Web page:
Wednesday, December 20, 2017

Andrew Hilbert's Smallpressmas Guide

Yes. I was lamenting a bit on Twitter the other day about the lack of representation for amazing small press books around the holidays. So many of the big name magazines had 'best of the year' lists that just recycled the same handful of titles - Lincoln in the Bardo; Sing, Unburied, Sing; and Exit West, to name a few. Not that those books aren't worthy of the attention that they've acquired. I'm sure they are outstanding, intriguing, and powerful titles. And rather than get all soap-boxy about it, I decided to try a friendly call to arms - I challenged small press authors to consider giving a shout out to other small press authors this holiday season. To help spread the word about the glorious underdogs... the underread but just-as-equally-amazing independent titles that wowed them this year.

Andrew Hilbert was the first to answer my call.

Behold... his small press holiday gift guide!


Hey! You! You're buying people books for the holidays, aren't you? Why don't you buy a gift for TWO people at ONCE with only ONE gift? Holy cow. What dark arts am I evangelizing for now, you ask. 

Buy small press books.

For one, the stuff you read from a small press is infinitely more exciting than whatever shopping list Jonathan Franzen has written onto his Fruit of the Looms and sent to his publisher. For two, you're not only giving somebody a great readable and shareable gift, you're also giving money to small presses and small press authors just by buying the damn thing. You're killing two birds with one paperback. It's a Christmas miracle.

Here's what I think you should buy for yourself or for someone else.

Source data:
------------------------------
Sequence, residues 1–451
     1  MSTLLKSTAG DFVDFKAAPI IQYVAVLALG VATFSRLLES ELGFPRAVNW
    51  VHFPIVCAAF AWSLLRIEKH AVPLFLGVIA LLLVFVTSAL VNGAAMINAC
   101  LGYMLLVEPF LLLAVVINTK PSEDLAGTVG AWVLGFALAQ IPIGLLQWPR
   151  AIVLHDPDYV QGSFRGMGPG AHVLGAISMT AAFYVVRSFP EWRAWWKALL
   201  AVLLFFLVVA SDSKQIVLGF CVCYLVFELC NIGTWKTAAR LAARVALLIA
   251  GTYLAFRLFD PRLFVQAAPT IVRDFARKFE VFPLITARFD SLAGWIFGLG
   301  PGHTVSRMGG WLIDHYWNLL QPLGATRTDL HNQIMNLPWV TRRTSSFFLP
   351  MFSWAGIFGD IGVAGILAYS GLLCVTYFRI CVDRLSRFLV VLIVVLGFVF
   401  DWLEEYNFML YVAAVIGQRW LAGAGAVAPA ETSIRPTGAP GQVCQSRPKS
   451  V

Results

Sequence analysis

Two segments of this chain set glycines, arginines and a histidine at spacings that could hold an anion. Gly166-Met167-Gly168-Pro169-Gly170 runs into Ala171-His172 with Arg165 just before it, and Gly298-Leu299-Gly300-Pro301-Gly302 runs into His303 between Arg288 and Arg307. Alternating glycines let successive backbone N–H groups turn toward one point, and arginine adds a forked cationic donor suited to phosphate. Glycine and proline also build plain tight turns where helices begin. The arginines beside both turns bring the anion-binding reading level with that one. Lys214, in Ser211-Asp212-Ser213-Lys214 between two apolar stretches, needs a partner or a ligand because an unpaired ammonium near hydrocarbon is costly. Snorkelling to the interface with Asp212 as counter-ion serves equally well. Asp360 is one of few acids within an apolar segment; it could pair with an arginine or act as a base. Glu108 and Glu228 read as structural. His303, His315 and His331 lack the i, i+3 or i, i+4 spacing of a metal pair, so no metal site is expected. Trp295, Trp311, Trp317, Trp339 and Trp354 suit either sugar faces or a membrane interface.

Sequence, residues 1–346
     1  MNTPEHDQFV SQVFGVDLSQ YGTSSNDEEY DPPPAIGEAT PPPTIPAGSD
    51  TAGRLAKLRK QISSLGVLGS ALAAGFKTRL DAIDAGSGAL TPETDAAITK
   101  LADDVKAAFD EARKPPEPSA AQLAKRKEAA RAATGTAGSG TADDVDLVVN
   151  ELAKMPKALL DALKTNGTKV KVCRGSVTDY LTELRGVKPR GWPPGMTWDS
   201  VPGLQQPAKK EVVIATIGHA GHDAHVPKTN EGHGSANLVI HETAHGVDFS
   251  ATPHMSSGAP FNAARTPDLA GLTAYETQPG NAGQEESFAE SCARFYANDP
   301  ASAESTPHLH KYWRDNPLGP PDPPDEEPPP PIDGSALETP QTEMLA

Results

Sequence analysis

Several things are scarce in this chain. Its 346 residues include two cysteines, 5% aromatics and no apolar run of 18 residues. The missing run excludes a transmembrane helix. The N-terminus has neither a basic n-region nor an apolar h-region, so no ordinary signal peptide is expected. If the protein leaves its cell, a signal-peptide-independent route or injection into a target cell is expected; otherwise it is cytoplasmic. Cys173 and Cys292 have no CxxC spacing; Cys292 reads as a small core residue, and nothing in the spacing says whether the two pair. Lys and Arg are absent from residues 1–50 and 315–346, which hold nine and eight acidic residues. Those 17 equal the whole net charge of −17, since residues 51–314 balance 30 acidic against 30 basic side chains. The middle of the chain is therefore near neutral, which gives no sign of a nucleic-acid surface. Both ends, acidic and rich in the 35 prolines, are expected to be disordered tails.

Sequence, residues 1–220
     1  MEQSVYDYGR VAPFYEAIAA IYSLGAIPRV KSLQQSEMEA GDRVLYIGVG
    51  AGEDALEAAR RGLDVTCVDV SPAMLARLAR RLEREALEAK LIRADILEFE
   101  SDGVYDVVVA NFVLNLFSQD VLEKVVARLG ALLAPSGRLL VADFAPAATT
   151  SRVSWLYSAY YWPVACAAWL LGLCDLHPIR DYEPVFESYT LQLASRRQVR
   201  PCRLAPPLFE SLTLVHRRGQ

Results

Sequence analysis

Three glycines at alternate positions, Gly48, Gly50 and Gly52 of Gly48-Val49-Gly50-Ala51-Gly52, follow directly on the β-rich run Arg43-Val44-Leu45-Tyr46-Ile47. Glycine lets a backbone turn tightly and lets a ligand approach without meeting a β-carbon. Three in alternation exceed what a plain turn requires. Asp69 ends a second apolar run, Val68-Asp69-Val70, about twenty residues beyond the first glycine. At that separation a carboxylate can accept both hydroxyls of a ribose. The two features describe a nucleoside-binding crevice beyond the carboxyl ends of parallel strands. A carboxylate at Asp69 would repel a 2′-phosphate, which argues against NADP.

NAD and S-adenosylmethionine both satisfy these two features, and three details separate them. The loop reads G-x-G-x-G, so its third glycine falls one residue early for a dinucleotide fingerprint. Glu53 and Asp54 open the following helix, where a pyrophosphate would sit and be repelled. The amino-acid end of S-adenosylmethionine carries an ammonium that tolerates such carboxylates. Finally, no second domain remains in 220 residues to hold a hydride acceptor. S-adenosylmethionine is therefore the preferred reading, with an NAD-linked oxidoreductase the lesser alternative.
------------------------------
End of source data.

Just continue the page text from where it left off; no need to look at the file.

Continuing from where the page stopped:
1. Heathenish by Kelby Losack, published by Broken River Books - Heathenish is a smooth as cough sizzurp tale of fucking up and wandering through near-criminality. Redemption comes, as it always does. Losack displays a true storyteller's economy of words - nothing is wasted, nothing is extra, everything is a gut shot. Read it. Give it to somebody as a present. It's good.

2. The Nightly Disease by Max Booth III, published by Perpetual Motion Machine Publishing - Max Booth III is the funniest writer publishing today. After being screwed by another small press (it happens. It's happened to more of us than we like to admit), Max decided to publish this novel himself and I'm glad he did. The new cover by Matthew Revert is phenomenal and the book is just as funny as it ever was. This was by far the funniest and darkest book I read this year. 

3. Quizzleboon by John Oliver Hodges, published by Perpetual Motion Machine Publishing - It's hard to explain this book. It's a hillbilly gospel. It's funny as hell. It's fast paced and as soon as I read the phrase, "pussy crust," I knew the book was for me. If you have some asshole in your life that will find that funny, this is the book for them. No kidding. 

4. The Snake Handler by J David Osborne and Cody Goodfellow, published by Broken River Books - It's like if Harry Crews wrote Feast of Snakes as an action flick. It's a quick read and it's fun as all hell. I'm looking forward to whatever this collaboration puts out next.

5. Itza by Rios de la Luz, published by Broken River Books - My small press tastes are very Texas centric. I'm a lazy person and I find it very hard to get engrossed in online social circles with people I'll likely never meet. You'll notice every book I've picked is from a Texas publisher. There's reason for that. I'm able to go see the events they put on because they are within a five mile radius of where I live. That's not to say I don't read other publishers, I just read things I've purchased from an actual person with more priority than books I order from a robot named Amazon. That being said, Itza is a great, surreal tale told like it was a story passed on throughout generations. The imagery is vivid and exciting. 

The world is crazy, folks. Why are we spending money on the same old titans of industry who have always tried to dictate cultural tastes? The truth, the excitement, the intensity is at small press level. A few weeks ago there was an article asking about where all the working class writers were. You've got to have your eyes closed if you can't find them. They're right here. They're working at regular jobs and writing for just as many hours. Support them. Share them. Happy holidays and merry Smallpressmas. 


Andrew Hilbert is the author of Invasion of the Weirdos and his ongoing audio novella DEERMAN at Keep up with him at and @ahilbert3000 on Twitter.

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